Also, focusing more broadly across all employee demographic categories is important.   More formalized Women in IT programs with specific attention is needed to address the unique needs and interests of women as that demographic continues to see less candidates entering college IT curriculums.  Also, DEI programs are getting more attention to address areas of interest that will help in attracting and retaining talent.


The economics and benefits of focusing more on retention efforts are clear.  It is easier, less expensive, and less risky to retain a skilled employee who is performing well than to find a new one.  Especially given that much of the job-at-hand is unique to the organization regardless of the core functions that underly the position (and are considered "transferable" skills).

Understanding what factors drive retention is often a gap for many managers.  Putting too much emphasis on compensation is a common problem. 

Likewise, assuming that certain retention factors are the same across all workers is another problem.  While trends may seem to emerge across certain demographic dimensions (age, gender, nationality, etc.) knowing your employees well is the best way to know what factors are important to each one.

Some popular targets in the area of staff retention include developing programs and adjusting policy to:

o   Allow for flexible work arrangements (location as well as time of day) based on the position 

o   Accelerate opportunities and timelines for career advancement

o   Expose employees to other technical (or functional) areas of interest that they aren't currently exposed to - and provide more opportunities for education that can be leveraged

o   Strengthen performance measurement programs in order to more accurately reward high performers, improve marginal performers, and remove non-performers

o   Reskill employees and business technologists to fill gaps created by the shift from legacy technologies to emerging ones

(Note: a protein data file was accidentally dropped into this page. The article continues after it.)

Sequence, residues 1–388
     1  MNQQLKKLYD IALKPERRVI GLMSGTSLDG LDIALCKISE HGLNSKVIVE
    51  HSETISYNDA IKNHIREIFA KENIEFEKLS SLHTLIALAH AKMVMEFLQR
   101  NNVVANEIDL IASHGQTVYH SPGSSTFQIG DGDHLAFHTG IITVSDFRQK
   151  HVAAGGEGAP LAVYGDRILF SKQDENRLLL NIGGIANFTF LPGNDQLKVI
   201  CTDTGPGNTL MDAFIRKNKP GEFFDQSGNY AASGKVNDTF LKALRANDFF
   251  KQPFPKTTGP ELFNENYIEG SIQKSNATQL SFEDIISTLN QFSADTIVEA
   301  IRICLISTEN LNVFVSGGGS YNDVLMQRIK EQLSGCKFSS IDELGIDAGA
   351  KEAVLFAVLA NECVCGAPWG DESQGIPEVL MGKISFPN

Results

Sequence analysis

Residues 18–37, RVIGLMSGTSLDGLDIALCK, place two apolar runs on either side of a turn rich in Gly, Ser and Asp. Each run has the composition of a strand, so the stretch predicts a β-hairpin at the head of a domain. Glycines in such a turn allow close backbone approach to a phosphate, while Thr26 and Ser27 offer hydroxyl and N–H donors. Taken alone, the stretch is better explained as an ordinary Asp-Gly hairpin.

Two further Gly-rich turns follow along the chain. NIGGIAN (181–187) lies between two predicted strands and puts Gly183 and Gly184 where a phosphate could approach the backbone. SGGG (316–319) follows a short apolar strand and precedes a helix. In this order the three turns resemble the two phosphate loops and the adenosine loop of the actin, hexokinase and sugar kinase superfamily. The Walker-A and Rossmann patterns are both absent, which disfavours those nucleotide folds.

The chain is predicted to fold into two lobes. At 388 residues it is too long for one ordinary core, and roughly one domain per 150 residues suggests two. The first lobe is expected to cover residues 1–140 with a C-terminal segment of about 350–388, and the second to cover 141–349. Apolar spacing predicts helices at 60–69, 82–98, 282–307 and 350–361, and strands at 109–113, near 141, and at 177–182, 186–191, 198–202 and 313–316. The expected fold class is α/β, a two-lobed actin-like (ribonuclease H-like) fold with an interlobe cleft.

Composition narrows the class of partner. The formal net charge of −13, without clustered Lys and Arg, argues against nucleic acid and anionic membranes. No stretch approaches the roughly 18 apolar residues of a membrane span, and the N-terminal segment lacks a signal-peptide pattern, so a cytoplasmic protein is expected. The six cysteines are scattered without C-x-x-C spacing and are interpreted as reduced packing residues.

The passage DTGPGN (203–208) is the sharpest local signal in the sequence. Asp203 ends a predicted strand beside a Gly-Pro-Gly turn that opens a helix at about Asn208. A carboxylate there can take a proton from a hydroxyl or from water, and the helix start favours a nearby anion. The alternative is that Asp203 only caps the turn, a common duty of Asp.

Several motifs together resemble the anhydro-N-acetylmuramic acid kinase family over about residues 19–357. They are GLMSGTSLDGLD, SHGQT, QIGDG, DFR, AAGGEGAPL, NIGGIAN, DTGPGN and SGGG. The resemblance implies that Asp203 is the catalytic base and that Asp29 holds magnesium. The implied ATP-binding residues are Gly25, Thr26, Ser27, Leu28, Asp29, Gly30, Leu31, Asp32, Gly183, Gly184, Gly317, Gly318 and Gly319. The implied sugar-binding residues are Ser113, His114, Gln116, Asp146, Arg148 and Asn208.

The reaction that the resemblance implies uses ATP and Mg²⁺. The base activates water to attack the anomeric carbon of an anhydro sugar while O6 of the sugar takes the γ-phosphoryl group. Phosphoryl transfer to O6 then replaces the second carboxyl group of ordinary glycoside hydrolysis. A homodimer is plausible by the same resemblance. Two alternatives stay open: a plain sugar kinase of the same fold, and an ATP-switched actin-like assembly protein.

Bottom Line

The organization relies on the ability of the IT function, more than any other, to achieve its bottom line and to accomplish its goals and objectives - whether it's strategically transforming itself or operating in a business-as-usual mode of operations.   IT leaders need to continually articulate the direct correlation between their ability to perform and "deliver" - and the business outcomes that their IT services are expected to enable or influence.   

It should be a pretty straightforward value proposition when it comes to getting the attention (and at times the additional investment) needed to address the necessary changes or enhancement. 

As IT leaders we need to take greater interest, control, and influence over something that is so impactful and influential to our success - and ultimately the success of the organization.

Paul Stoddard is an Executive Partner with Gartner’s Executive Programs. He works to provide expertise and guidance to his CIO clients as a trusted advisor to help them realize their strategic goals and achieve their business objectives. Paul brings 35+ years of a very broad IT background as both a technology consultant and former CIO at several large-scale firms.